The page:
It feels as if I’ve stumbled across a little patch of southern France, with the chi-chi vibes to match. Cutesy boutique hotels such as Beyevi are springing up, and gourmet restaurants are in abundance; it’s no wonder that much of Istanbul decamps here for the summer. If surfer chic is more your thing, a visit to the surf school is a must, as Alacati has some of the best breaks in Turkey. Pick up some delightful kurabiye (dome-shaped Turkish cookies) from the region at Alaçatı Köy Kurabiyecisi Bakery on Tokoğlu Mahallesi; types range from chocolate and doughnut to lemon curd.
Living the good life
South of Izmir, we head to Urla, where the landscape is hemmed in by verdant mountains and so many tangerine groves the temptation to stop and pluck a few proves too hard to resist. Urla is the centre of a small but burgeoning wine industry. Turkish wine may not yet be on a world stage, but it has some of the highest volumes of grape production in the world; it’s just that the grapes are eaten rather than turned into wine. However, the award-winning four-year-old Urla Winery is hoping to change all that, and the number of visitors for wine tastings is rising year on year. During the tasting, I’m pleasantly surprised by the quality of the native grapes – the fiery Bogazkere variety makes for a punchy red, whilst the aromatic demi-sec Bornova Muscat has me reaching for a second glass.
In Izmir proper, the good life doesn’t stop. I’m staying at the Kaya Izmir, one of two spa hotels in the hilly Balcova region, famous for its underwater hot springs, and as the site of the Baths of Agamemnon. High in mineral content, the water is said to have healing properties, a fact that is no doubt set to boost Izmir’s bid to host Expo 2020 as it touts itself as a haven for medical tourism. The spa at my hotel – free to guests – is extensive, with heated pools (both indoor and outdoor) plus sauna, steam room and all manner of treatments. I top it all off with a bracing bucket-of-cold-water shower.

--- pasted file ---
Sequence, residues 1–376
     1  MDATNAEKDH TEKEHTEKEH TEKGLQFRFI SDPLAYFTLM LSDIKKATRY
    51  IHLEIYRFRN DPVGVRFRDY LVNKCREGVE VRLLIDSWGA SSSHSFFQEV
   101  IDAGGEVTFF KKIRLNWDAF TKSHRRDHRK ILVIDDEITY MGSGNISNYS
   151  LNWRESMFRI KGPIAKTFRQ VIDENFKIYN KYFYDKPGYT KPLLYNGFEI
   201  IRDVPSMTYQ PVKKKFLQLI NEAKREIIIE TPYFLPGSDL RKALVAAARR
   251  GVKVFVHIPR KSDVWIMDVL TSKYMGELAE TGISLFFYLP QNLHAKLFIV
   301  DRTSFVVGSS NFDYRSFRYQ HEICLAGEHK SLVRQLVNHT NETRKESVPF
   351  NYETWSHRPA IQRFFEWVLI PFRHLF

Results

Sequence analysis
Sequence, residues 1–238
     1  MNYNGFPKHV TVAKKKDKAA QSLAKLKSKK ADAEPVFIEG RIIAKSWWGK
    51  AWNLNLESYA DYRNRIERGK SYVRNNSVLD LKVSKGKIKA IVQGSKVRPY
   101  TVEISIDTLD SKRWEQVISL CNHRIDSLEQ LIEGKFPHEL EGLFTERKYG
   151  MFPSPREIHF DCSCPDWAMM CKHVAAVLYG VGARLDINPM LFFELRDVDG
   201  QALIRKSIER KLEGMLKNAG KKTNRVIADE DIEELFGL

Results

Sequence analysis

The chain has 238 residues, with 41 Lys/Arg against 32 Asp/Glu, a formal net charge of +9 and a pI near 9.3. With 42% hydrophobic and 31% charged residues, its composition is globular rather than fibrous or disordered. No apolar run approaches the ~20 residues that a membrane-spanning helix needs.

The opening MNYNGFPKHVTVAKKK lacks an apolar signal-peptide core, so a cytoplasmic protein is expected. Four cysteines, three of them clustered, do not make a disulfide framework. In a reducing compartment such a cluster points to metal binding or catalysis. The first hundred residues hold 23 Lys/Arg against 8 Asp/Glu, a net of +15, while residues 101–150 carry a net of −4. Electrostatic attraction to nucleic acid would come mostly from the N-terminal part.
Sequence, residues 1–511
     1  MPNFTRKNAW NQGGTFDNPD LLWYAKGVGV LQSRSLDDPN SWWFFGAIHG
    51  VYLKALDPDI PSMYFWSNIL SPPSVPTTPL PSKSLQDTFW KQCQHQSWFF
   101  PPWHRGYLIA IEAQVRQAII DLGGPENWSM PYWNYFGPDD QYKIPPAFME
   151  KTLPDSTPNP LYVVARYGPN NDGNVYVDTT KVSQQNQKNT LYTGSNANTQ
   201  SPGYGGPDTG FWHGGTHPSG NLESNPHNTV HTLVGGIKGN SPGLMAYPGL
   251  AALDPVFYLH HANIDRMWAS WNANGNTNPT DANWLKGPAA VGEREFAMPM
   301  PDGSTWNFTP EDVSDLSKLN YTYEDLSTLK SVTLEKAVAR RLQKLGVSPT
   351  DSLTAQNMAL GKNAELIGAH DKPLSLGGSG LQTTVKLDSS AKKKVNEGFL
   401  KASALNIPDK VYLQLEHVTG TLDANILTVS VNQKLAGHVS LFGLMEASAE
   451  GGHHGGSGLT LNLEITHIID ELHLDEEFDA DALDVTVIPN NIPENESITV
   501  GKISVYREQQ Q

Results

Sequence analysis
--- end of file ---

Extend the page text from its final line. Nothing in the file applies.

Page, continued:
After a few days in Izmir, I can see what Idil means (although the comment on the ‘girls’ is another trip for another time – and person – I think) and I’m not just talking about the palm trees, numerous though they are. If Istanbul is the slightly uptight, worldly older brother, Izmir is its younger, laid-back, tropical-feeling sibling, the one that’s telling you to just relax and take in the view.
NEED TO KNOW
Getting there: Flights to Izmir are run by Turkish Airlines travelling via Istanbul. Prices start from approximately £250 return.
Where to stay: The plush, slightly corporate Kaya Izmir Thermal and Convention hotel and spa, Ilıca Mah. Zeytin Sk, is situated on the outskirts of Izmir, a 15-minute drive from the centre of the city. The excellent spa is worth sampling but you might want to go elsewhere for food. Double rooms from £200 per night.
Getting around: If you are staying centrally within Izmir, it’s possible to get around on foot, but the city is extensive and to explore the rest of the peninsula, you’ll need a car.
More information: Find out more at Go To Turkey.